The timely premise alone is a winner: Can love still conquer all if traffic comes in the way? Boy lives in Valenzuela while girl lives in Las Piñas, and those who must deal with Metro Manila's hellish roads on a daily basis can only imagine how exasperating that can be.

That exasperation is arrestingly translated by Melvin Lee's direction into a kind of theatrical urgency, as the play gradually convinces you that, yes, this quirky business of the heart must come to an end. As the fated lovers, Roi Calilong and Pat Liwanag authentically capture not only the frustrations and weariness of the Filipino everyman, but also the romantic's bullheaded conviction that things can still and will certainly get better.

'Isanlibong Taon'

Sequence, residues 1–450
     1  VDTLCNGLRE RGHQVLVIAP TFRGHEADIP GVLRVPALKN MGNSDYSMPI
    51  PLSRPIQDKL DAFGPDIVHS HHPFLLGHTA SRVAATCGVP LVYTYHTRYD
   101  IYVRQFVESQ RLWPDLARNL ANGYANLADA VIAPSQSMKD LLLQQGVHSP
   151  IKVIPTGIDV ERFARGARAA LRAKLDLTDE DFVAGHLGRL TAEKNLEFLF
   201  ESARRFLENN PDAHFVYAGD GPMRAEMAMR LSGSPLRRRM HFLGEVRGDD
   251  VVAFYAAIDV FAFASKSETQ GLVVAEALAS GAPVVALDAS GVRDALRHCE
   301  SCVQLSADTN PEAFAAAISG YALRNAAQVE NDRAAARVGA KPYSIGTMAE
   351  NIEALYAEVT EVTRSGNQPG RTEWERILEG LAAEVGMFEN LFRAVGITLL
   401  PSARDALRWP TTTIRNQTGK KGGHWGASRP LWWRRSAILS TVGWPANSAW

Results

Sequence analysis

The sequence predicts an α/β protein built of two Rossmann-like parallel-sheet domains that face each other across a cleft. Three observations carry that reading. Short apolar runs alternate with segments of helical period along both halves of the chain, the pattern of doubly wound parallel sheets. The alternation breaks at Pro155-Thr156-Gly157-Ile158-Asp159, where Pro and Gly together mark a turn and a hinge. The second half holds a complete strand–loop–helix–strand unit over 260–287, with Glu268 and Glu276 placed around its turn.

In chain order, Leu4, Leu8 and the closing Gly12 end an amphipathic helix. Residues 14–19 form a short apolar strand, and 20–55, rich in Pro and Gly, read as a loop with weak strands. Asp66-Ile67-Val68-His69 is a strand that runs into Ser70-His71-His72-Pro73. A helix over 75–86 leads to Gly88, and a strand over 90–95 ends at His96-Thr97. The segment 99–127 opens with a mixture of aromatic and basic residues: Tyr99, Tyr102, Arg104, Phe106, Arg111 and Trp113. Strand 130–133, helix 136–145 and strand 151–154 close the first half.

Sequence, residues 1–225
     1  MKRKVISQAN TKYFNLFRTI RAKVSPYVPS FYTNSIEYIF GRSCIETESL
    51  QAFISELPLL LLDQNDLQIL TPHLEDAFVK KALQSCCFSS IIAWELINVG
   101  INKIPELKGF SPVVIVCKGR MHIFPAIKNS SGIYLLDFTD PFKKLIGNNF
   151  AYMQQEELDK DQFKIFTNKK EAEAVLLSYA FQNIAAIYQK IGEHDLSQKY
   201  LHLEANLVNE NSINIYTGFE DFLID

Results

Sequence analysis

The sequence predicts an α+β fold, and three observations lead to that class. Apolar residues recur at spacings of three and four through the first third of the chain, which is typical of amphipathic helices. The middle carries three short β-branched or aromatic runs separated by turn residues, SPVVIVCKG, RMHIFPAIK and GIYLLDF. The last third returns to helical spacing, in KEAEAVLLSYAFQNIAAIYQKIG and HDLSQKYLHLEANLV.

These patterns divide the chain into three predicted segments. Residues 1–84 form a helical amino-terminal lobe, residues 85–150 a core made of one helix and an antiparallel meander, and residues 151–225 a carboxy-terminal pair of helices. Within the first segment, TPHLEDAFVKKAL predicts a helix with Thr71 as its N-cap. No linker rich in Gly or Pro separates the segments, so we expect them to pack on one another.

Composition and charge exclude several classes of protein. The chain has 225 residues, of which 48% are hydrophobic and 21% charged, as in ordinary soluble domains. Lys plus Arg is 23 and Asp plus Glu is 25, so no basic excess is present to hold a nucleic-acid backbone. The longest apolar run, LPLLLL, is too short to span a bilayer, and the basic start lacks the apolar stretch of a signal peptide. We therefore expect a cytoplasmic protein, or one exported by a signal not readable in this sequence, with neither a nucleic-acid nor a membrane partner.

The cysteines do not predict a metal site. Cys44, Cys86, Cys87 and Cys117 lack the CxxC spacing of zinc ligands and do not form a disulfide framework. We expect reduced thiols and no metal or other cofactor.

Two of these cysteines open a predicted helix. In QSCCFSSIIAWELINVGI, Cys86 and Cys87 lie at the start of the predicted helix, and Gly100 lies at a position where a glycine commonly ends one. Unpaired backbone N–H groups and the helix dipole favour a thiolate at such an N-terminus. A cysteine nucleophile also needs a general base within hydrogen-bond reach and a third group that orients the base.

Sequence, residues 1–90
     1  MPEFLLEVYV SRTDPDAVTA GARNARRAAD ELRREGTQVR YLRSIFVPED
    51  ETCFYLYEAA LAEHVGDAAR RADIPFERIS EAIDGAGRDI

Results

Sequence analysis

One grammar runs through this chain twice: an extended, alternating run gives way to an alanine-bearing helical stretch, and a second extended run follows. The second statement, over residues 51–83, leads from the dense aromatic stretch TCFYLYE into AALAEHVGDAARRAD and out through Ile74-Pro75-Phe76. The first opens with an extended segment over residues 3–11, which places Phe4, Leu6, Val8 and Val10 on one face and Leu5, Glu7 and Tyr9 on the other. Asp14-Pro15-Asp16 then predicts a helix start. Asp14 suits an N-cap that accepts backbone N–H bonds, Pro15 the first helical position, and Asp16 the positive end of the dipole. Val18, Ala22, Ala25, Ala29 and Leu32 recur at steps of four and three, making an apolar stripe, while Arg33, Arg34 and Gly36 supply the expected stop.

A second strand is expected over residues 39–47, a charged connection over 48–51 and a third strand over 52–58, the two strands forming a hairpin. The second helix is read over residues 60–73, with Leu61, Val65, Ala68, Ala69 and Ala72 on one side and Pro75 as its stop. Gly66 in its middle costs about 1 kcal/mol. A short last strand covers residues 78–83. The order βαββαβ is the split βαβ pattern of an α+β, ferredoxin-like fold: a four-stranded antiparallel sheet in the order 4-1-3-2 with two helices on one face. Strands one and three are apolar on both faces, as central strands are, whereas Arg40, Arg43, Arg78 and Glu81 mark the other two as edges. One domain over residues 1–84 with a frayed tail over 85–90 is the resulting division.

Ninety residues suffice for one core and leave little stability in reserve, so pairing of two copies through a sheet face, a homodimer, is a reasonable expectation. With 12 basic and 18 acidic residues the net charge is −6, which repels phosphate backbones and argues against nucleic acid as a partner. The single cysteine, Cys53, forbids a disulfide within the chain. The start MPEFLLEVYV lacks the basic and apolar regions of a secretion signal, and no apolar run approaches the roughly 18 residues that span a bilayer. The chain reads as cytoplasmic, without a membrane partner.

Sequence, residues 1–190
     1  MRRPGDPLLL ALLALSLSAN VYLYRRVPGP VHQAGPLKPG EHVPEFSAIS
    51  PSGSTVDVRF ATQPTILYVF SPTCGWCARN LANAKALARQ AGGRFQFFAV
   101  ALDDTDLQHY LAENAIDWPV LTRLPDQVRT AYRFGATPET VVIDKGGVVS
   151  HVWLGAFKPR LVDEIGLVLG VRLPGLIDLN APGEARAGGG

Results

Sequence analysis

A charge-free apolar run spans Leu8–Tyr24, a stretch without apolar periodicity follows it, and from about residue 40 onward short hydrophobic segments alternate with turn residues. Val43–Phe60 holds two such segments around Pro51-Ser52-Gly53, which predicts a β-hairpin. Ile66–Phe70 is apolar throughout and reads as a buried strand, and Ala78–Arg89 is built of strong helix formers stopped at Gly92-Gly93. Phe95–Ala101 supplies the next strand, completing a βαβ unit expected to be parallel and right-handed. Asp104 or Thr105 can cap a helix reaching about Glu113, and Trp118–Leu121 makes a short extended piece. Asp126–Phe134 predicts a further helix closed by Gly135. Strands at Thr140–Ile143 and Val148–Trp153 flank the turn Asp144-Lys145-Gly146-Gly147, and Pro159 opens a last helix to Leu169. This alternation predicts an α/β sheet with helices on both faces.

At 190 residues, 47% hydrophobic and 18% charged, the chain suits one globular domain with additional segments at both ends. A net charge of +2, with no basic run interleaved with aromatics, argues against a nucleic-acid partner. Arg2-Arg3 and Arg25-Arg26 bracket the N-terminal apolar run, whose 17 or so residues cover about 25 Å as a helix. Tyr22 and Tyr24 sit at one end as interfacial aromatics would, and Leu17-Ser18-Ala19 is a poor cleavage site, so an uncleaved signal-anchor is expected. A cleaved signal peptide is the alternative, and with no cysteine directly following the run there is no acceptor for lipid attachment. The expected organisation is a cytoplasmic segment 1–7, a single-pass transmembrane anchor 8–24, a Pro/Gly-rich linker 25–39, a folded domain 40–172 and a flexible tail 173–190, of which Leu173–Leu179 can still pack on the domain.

Which brings us to the third play in Set A of this "festival": Pertee Briñas' "Isanlibong Taon," a musical directed by Guelan Luarca and composed by Ejay Yatco. It is the only debuting work in this set, and yet we would be remiss if we were to blame this production's shortcomings on its relative newness.

The ultimate challenge in this festival is to mount a play that sidesteps the hackneyed, one that can somehow take a fresh spin at the theme. "Isanlibong Taon," about a pair of fishermen burdened by a love that must not be named, does the complete opposite: Its script succumbs to overt triteness without really making its mind up on the kind of story it wants to tell.

Luarca and Yatco have certainly done better work in the theater, but, saddled by such a material, even they can do nothing about it. Despite its unlikely setting, this play manages to feel both stale and half-baked, and nothing in how it is told--neither the direction nor the acting--makes it remotely believable. 

Wednesday, November 23, 2016

2016 Cinema One Originals Film Festival

I saw nine films in this year's Cinema One Originals Film Festival, which ended yesterday. Seven of them are from the world cinema selection, which for me was the most exciting part of the fest.